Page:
Whalen-Nelson was seeking to run as a substitute for Tim Furey, a candidate who originally planned on taking on the incumbent but later declined the line, Ragusa said.

Furey, who had unsuccessfully tried to unseat Assemblymember David Weprin in the 24th District in 2010, was not the first this year to bow out of the 26th District race despite being backed by the Queens GOP.

The GOP originally pushed to pit Ralph Cefalo against Braunstein, but the Malba resident ultimately chose not to enter the race, citing personal matters, Ragusa said back in June.

But the County chair said declinations were nothing new.

“There’s a time to decline. This isn’t the first time this happened. It’s how Joe Crowley became the congressman. It’s done all the time,” he said.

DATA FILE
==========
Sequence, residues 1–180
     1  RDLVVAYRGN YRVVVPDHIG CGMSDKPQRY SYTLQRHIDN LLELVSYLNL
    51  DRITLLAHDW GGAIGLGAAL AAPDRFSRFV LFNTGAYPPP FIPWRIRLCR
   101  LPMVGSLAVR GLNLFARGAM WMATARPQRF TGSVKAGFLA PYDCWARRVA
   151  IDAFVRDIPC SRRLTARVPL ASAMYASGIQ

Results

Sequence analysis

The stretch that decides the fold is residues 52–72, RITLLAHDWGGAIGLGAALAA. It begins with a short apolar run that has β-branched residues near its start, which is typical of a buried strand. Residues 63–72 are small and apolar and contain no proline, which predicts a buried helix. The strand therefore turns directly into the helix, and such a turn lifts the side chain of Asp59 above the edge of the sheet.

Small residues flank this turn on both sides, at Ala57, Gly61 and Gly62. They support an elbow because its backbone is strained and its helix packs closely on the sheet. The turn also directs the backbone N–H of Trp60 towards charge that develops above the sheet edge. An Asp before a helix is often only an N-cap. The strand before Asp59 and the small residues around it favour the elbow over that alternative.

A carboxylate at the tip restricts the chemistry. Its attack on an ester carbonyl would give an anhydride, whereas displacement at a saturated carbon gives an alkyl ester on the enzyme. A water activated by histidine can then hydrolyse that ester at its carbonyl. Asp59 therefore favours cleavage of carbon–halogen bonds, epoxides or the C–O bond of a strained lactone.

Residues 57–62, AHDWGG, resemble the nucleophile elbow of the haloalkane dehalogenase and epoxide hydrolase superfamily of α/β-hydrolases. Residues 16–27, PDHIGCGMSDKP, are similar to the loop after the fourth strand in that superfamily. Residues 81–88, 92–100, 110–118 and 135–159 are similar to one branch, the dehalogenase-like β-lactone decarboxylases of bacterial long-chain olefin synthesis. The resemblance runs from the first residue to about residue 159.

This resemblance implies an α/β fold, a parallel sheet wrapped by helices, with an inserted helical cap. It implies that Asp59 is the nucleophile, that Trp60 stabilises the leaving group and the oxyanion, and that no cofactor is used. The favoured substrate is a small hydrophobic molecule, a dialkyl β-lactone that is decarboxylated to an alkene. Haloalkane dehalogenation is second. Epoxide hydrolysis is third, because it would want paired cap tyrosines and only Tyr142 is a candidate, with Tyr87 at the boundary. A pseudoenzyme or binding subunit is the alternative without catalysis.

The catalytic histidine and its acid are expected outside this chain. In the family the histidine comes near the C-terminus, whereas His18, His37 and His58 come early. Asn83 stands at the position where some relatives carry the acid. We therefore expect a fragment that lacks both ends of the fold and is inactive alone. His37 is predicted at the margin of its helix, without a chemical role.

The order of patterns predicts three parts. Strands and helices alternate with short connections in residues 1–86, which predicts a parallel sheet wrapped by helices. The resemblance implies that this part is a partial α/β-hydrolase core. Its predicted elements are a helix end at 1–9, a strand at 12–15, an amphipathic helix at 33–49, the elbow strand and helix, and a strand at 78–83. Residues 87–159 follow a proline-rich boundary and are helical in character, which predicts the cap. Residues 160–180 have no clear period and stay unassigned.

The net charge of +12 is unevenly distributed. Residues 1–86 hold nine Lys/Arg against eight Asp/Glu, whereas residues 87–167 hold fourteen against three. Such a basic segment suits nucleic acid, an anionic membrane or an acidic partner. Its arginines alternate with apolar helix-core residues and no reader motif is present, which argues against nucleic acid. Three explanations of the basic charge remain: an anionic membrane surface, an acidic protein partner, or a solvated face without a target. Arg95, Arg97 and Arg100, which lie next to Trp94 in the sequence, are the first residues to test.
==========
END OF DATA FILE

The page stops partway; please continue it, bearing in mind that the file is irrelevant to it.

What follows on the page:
Meanwhile, Scandalios lambasted the “forces against him” — opponent Yen Chou, the Queens County Democratic Party and the BOE — for throwing him off the ballot.

The former comic book store owner said the BOE gave him “false information” while he fought objections from the Queens Democrats and “corrupt data” by BOE clerks.

Scandalios can appear on the ballot in the general election if he runs on another line and gathers 1,500 signatures from within the district by August 26, according to the BOE.

“Eventually, I will be elected,” Scandalios said.

Audit finds co-op, condo property values inflated


| mchan@queenscourier.com

THE COURIER/PHOTOS

A series of missteps by the Department of Finance (DOF) caused drastic upward swings in co-op and condo property taxes, according to two audits released by the city’s comptroller office.

“The department failed to adequately explain significant changes it was making in the calculation of market values. What’s more, in numerous cases, they assigned arbitrary values to co-ops and condos, and in other cases made flat out errors,” said Comptroller John Liu.